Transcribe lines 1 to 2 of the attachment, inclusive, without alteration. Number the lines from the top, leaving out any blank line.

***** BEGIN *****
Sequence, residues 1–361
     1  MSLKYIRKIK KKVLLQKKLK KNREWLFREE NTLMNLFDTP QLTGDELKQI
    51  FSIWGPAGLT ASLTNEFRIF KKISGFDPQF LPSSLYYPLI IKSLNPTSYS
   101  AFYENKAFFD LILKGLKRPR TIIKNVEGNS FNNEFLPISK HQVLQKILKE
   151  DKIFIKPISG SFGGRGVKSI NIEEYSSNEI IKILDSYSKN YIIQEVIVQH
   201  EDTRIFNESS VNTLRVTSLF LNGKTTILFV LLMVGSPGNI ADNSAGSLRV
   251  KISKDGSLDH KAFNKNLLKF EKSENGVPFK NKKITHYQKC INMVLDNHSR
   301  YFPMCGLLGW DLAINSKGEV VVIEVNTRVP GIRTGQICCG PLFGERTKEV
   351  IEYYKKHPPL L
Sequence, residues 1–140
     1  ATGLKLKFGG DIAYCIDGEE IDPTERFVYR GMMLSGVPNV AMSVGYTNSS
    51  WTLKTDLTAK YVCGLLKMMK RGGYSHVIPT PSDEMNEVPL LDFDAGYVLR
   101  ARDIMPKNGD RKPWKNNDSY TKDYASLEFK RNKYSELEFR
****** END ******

Sequence, residues 1–361
     1  MSLKYIRKIK KKVLLQKKLK KNREWLFREE NTLMNLFDTP QLTGDELKQI